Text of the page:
Overview: Stock markets finished the month of April last week on a positive note, as strong corporate earnings and solid economic data drove returns. Optimism over continued economic recovery, along with continued vaccination progress translated to the largest monthly gain since last November for the S&P 500 Index, up 5.3% for the month of April. International developed stocks (MSCI EAFE) rose 3.1% for the month, while emerging markets (MSCI EM) were up 2.5% in April. In bonds, strong economic data and the prospect of additional fiscal stimulus helped drive interest rates higher last week, with the 10-year Treasury yield climbing 7 basis points (bps) to 1.63%. Despite higher yields last week, the 10-year Treasury yield declined over the month, from 1.75% to 1.63%, helping drive positive returns in bond markets. For the month, both the Barclays Aggregate (taxable) and Barclays Municipal Indices had a total return of 0.8%. On the economic front, strong economic data was lead by U.S. first-quarter gross domestic product (GDP), which grew by 6.4%. In addition, initial jobless claims declined to 553,000 for the week, the lowest level since the beginning of the pandemic. The strong readings point to an economy driven by fiscal and monetary stimulus, accelerated vaccine distribution, pent-up savings, and re-openings of local economies.
Economic Commentary (from JP Morgan): The U.S. economy, as measured by real GDP, accelerated in 1Q21, recording an annualized increase of 6.4%. Almost a year removed from the 2Q20 contraction of -31.4%, it is clear that the economy is in the midst of a swift, consumer-driven recovery; this latest reading is the third consecutive quarter of above-trend growth, following strong GDP prints in 3Q20 (+33.4%) and 4Q20 (+4.3%). Under the hood, 1Q21 personal consumption expenditures rose at a SAAR of 10.7% with the goods and services components up 23.6% and 4.6%, respectively. Strength in the services sector was driven by increasing vaccinations and gradual return to normalcy, as evidenced by solid q/q growth in air transportation (+11.5%), accommodations (+9.5%) and food services (+5.8%). The quick rebound in the U.S. economy and equity market has directed increased attention to the Fed. For now, the Fed remains accommodative, electing at the most recent FOMC meeting to once again not adjust the target federal funds rate and reaffirming its commitment to asset purchases until “substantial further progress is made.” However, Chair Powell did highlight the vaccination campaign and fiscal stimulus as the primary drivers of the recovery and even noted improvements in the sectors hardest hit by the pandemic. As a result, with the backdrop of a robust recovery, investors should be positioned for higher yields as strong growth and higher inflation are realized in the quarters to come.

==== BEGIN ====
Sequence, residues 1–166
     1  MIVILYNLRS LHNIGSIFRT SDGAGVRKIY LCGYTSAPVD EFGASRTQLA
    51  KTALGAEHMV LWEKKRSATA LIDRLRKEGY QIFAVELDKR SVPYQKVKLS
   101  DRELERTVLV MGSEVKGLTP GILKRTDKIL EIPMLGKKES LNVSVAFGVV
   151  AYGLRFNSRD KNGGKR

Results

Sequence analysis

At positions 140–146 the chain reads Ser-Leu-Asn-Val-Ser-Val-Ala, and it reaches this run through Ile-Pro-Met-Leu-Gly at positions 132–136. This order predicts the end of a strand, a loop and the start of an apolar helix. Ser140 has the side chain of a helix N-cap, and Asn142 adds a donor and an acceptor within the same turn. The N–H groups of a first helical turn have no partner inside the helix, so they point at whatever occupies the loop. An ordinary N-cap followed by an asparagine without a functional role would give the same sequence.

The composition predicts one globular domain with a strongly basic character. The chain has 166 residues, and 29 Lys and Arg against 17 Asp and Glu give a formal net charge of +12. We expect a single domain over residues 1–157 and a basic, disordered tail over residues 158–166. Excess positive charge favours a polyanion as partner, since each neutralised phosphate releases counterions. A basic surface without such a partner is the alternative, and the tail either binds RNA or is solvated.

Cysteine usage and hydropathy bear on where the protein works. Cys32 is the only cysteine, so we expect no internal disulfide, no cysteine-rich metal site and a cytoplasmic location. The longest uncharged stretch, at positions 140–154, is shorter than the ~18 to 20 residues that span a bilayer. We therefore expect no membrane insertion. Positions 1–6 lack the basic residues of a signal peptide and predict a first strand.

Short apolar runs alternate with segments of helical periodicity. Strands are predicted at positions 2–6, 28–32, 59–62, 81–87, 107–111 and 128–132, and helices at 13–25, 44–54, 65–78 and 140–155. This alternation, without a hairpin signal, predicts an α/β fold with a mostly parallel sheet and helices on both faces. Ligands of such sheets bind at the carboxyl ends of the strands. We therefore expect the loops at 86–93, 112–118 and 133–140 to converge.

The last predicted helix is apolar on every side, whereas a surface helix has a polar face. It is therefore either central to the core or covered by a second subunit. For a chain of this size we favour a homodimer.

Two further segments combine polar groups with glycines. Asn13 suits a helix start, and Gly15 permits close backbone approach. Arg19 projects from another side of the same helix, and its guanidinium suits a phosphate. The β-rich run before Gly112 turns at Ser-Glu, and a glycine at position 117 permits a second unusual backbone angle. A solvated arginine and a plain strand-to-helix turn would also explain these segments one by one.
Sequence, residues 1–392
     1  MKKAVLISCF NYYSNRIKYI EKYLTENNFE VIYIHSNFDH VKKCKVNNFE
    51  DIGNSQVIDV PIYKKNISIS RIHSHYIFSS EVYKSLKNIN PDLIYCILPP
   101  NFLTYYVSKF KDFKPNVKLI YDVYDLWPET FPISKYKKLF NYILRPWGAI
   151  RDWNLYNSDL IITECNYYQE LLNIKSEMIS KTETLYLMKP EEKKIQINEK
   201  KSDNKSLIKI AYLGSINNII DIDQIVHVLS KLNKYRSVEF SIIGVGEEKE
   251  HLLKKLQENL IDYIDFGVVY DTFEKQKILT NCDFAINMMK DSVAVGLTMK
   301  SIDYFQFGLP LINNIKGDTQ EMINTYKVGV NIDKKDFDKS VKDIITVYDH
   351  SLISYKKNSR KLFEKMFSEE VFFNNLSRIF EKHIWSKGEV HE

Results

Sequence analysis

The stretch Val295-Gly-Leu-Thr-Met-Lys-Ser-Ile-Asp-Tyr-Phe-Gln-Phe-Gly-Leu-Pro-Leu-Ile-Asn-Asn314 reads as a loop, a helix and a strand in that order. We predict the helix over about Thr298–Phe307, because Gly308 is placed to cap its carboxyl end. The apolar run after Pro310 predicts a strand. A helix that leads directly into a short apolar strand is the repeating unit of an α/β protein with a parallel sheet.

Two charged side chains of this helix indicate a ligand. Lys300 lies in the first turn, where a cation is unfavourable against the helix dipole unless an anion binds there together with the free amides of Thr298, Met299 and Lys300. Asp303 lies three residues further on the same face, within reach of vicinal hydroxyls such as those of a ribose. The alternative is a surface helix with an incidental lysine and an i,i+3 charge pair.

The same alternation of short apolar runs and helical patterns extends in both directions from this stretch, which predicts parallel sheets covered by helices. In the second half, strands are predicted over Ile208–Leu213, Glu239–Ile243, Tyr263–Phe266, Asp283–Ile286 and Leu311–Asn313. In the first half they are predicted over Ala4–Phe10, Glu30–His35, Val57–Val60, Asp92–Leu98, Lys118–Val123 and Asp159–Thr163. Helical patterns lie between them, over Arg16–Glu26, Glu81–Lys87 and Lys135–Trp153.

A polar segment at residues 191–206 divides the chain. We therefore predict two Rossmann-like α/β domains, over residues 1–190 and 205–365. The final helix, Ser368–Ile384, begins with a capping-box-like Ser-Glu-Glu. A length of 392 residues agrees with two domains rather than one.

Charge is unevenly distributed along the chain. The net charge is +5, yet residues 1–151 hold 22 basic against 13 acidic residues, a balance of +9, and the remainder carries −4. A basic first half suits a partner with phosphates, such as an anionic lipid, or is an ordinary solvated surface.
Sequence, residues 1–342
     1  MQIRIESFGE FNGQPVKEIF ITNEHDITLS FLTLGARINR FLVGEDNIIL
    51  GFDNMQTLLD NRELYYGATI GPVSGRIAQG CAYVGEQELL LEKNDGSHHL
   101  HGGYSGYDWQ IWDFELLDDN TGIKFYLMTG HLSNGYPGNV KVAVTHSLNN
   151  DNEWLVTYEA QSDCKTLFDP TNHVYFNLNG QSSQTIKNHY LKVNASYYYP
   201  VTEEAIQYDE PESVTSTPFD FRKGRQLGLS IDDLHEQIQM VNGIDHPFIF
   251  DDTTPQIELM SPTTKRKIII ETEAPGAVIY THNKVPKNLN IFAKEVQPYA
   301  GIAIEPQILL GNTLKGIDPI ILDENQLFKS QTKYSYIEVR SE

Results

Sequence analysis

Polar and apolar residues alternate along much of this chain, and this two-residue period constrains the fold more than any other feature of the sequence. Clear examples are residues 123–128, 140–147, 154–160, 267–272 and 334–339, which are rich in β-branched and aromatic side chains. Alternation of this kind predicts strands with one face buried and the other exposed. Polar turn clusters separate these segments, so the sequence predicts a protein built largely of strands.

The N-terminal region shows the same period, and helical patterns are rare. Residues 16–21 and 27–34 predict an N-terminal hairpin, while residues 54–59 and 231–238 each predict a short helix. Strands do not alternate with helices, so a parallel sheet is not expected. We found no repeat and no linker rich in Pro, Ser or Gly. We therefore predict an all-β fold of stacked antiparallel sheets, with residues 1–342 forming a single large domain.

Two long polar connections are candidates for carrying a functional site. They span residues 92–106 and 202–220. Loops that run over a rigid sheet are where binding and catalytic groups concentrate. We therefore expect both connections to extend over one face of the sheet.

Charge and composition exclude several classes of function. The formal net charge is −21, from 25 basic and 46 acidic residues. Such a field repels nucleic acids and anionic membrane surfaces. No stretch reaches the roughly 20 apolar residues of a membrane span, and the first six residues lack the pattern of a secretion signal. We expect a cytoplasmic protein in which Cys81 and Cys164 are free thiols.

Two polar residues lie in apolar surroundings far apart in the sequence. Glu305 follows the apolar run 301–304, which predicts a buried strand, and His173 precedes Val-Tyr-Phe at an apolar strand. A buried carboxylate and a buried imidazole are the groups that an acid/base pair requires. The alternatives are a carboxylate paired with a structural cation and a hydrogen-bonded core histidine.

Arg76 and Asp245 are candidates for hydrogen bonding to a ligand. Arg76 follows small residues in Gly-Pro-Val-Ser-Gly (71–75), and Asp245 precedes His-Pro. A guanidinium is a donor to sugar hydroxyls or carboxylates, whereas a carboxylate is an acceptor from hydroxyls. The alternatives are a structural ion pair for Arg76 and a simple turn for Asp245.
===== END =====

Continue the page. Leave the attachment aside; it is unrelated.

Sources: JP Morgan Asset Management, Goldman Sachs Asset Management, Barron’s
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